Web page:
Publications

  • November 24, 2004

    Asset Prices and Monetary Policy: A Canadian Perspective on the Issues

    The issue addressed in this article is the extent to which monetary policy in Canada should respond to asset-price bubbles. The article concludes that maintaining low and stable consumer price inflation is the best contribution that monetary policy can make to promoting economic and financial stability, even when the economy experiences asset-price bubbles. In extreme circumstances—when an asset-price bubble is well identified and likely to have significant costs to the economy when it bursts—monetary policy might better maintain low and stable consumer price inflation by leaning against a particular bubble even though it may mean that inflation deviates temporarily from its target. Such a strategy might reduce the risk that a crash in asset prices could lead to a recession and to inflation markedly below target in the longer run. The circumstances where this strategy is possible will be rare because economists are far from being able to determine consistently and reliably when leaning against a particular bubble is likely to do more harm than good. Housing-price bubbles should be a greater concern for Canadian monetary policy than equity-price bubbles, since rising housing prices are more likely to reflect excessively easy domestic credit conditions than are equity prices, which are largely determined in global markets.
  • November 24, 2004

    Bank of Canada Review - Autumn 2004

    BoC Review - Autumn 2004

    Cover page

    Bus Transportation Tokens and Tickets

    The pieces illustrated on the cover range in size from 12 mm to 38 mm in diameter or width. They form part of the National Currency Collection, Bank of Canada.

    Photography by Gord Carter, Ottawa

  • November 23, 2004

    Real Return Bonds: Monetary Policy Credibility and Short-Term Inflation Forecasting

    The break-even inflation rate (BEIR) is calculated by comparing the yields on conventional and Real Return Bonds. Defined as the average rate of inflation that equates the expected returns on these two bonds, the BEIR has the potential to contain useful information about long-run inflation expectations. Yet the BEIR has been higher, on average, and more variable than survey measures of inflation expectations, which may be explained by the effects of premiums and distortions embedded in the BEIR. Because of the difficulty in accounting for these distortions, the BEIR should not be given a large weight as a measure of long-run inflation expectations at this time. However, as the Real Return Bond market continues to develop, the BEIR should become a more useful indicator of inflation expectations. At present, it demonstrates no clear advantage over survey measures and even past inflation rates in forecasting near-term inflation.
  • November 22, 2004

    The Evolving Financial System and Public Policy: Conference Highlights and Lessons

    At the 12th annual Bank of Canada economic conference, held in Ottawa on 4 and 5 December 2003, representatives from various public and private organizations and Bank of Canada staff discussed papers presented on three key issues affecting the financial system: financial contagion, the implications of bank diversification, and financial sector regulation. Papers on financial contagion studied the effect of globalization on Canadian foreign-asset exposures, developed a general-equilibrium model of a competitive interfirm lending market in which firms can borrow or lend, and used market-based indicators to determine the probability that contagion can be generated by interbank exposures. The papers on bank diversification focused on the links between the changing behaviour of financial institutions and risk-return trade-offs. Issues of financial sector regulation included the relationship between governance and financial sector soundness, the theoretical basis of bank regulations for capital requirements, and the implications of bank capital requirements for the transmission of monetary policy. A panel discussion provided extended discussion of the conference papers.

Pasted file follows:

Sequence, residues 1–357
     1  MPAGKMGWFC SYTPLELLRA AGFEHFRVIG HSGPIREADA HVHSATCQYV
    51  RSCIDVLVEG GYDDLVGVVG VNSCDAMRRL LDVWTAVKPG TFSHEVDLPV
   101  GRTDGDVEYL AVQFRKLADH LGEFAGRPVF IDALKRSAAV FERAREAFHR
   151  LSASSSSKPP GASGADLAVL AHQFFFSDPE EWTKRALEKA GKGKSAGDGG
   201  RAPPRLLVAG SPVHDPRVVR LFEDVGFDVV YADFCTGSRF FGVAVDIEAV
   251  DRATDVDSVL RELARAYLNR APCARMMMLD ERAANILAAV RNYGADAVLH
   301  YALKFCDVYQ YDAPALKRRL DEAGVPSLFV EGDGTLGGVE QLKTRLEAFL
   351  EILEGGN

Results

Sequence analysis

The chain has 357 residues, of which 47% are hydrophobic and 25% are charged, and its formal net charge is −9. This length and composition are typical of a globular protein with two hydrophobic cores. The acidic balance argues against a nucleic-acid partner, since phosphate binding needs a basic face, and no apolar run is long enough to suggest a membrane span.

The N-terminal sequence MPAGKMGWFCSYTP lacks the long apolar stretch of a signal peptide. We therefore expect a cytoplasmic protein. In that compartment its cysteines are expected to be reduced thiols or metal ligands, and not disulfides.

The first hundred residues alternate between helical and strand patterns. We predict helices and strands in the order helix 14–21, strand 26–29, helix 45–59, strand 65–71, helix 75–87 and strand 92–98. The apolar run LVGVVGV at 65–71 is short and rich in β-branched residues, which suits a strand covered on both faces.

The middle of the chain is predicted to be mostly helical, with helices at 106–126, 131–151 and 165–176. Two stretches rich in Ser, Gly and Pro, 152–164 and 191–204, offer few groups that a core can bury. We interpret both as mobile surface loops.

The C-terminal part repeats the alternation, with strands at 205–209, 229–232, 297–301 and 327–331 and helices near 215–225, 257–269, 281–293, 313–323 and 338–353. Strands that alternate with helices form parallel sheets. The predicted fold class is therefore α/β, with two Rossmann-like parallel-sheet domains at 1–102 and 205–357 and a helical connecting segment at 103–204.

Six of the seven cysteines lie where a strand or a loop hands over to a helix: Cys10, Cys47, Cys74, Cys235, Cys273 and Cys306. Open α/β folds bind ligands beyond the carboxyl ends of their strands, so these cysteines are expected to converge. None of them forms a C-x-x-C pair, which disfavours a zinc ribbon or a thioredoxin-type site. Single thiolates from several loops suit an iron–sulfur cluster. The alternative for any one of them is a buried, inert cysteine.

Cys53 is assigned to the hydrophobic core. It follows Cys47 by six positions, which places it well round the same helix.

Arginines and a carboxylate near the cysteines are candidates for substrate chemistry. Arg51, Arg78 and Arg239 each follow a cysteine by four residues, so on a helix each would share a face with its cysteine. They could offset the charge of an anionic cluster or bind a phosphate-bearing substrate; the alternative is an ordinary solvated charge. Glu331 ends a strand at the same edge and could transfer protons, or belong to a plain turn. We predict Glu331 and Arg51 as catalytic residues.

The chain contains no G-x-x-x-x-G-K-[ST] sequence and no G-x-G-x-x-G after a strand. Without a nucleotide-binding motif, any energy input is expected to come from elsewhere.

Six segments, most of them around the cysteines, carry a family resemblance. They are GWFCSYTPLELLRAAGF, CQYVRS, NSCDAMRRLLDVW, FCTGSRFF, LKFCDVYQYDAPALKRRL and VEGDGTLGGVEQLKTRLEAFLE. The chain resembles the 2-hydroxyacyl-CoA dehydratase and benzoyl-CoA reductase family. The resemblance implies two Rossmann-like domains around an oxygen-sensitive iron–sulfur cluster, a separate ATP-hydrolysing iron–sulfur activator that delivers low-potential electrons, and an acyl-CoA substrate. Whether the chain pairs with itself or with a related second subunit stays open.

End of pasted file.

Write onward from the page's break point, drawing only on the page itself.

• November 21, 2004

    Summary of the G-20 Workshop on Developing Strong Domestic Financial Markets, 26-27 April 2004

    G-20 representatives, academics, market participants, and members of international financial institutions were brought together in Ottawa to explore the connection between robust financial markets and economic growth and development, share experiences, and to develop policy recommendations, where possible. Participants identified several areas they deemed critical for fostering strong domestic financial markets and reducing external vulnerability: sound macroeconomics policies, strengthened financial infrastructures and banking systems, and exchange rate flexibility for countries with widely open capital accounts. Papers presented in the six sessions and keynote address highlighted a number of issues, including currency mismatches, the sequence of financial liberalization and supervisory reforms, the development of local financial markets, infrastructure building and governance, and appropriate incentives.
  • November 20, 2004

    Monetary Policy and Uncertainty

    Remarks by David Longworth, Deputy Governor of the Bank of Canada to the Canadian Association for Business Economics

Follow the Bank